FIG. 13 is a view like FIG. 10 showing a stacking step in the manufacture of printed wiring boards according to a further embodiment of the present invention; and

FIG. 14 is a view like FIG. 10 showing a stacking step in the manufacture of printed wiring boards according to a further embodiment of the present invention.

DETAILED DESCRIPTION OF THE PREFERRED EMBODIMENTS

(First Embodiment)

In FIG. 1( a), a single-sided conductor pattern film 21 having a conductor pattern 22 is defined by etching a conductive foil (a copper foil with 18 μm thickness in this embodiment) adhered to one side of a resin film 23. In this embodiment, a thermoplastic film, which is 2575 μm thick and made of a mixture of 6535% polyetheretherketone resin and 3565% polyetherimide resin, is used as the resin film 23.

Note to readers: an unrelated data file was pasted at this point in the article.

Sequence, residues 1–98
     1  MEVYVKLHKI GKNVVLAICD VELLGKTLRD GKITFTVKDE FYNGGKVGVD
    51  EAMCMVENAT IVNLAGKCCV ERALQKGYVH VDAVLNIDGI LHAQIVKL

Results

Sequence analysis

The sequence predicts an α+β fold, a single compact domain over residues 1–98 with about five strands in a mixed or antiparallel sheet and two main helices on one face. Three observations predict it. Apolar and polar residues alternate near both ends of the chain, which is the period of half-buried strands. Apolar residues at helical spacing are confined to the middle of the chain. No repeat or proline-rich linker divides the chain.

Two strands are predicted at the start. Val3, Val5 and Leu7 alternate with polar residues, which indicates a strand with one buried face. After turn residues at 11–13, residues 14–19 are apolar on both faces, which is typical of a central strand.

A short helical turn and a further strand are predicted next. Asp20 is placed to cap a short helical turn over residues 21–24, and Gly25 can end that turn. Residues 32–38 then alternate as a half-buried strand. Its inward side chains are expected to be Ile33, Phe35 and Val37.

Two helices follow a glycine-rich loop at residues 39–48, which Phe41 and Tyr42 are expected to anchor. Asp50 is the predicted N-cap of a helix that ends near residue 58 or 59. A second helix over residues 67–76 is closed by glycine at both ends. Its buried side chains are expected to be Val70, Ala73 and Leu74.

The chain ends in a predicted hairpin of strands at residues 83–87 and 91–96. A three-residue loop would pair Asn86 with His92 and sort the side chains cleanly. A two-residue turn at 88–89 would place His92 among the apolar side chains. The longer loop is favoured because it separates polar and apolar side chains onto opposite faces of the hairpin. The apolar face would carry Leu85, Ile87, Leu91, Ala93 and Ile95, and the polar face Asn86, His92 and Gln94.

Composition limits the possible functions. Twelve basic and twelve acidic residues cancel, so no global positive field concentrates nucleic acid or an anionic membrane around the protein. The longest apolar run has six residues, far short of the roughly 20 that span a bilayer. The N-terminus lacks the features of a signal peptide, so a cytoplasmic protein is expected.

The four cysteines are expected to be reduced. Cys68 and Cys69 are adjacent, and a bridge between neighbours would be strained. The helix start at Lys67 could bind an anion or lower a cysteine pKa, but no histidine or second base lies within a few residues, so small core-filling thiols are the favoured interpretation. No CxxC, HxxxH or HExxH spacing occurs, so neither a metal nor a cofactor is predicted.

After the formation of the conductor pattern 22 is completed as shown in FIG. 1( a), a substantially cylindrical via hole 24, for which the conductor pattern 22 serves as a bottom surface, is formed by exposure to a carbon dioxide laser from the side of the resin film 23, as shown in FIG. 1( b). During the formation of the via hole, the conductor pattern is not perforated if the power and the exposure period of the carbon dioxide laser are set properly.

Other than the carbon dioxide laser, an excimer laser or the like may be used for formation of the via hole 24. In addition to a laser, other ways of forming the via hole such as drilling may also be used. However, machining by laser beam is preferred because of its ability to machine a fine hole without damage to the conductor pattern 22.

After the formation of the via hole 24 is completed, as shown in FIG. 1( b), conductive paste 50, which is a material for interlayer connection, is packed in the via hole 24 as shown in FIG. 1( c).